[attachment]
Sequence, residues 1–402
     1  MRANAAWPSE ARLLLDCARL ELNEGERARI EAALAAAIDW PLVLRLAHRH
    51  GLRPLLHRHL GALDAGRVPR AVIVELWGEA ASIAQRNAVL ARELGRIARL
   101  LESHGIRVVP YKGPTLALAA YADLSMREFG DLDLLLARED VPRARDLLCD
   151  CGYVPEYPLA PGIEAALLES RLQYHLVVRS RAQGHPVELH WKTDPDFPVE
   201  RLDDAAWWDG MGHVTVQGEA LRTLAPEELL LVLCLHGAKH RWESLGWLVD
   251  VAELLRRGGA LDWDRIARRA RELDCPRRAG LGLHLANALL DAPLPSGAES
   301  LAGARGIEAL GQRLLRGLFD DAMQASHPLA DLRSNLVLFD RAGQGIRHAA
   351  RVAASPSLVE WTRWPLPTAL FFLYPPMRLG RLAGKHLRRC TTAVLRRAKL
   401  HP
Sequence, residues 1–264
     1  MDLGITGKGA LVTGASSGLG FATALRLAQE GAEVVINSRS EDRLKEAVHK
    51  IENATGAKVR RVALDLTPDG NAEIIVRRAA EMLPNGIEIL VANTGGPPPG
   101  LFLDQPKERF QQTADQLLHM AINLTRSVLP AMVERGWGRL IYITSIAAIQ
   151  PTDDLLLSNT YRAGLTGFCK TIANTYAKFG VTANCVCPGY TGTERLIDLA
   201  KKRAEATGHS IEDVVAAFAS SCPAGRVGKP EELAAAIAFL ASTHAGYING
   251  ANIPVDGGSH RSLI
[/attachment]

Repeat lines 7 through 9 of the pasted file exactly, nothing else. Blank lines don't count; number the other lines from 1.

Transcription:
   251  VAELLRRGGA LDWDRIARRA RELDCPRRAG LGLHLANALL DAPLPSGAES
   301  LAGARGIEAL GQRLLRGLFD DAMQASHPLA DLRSNLVLFD RAGQGIRHAA
   351  RVAASPSLVE WTRWPLPTAL FFLYPPMRLG RLAGKHLRRC TTAVLRRAKL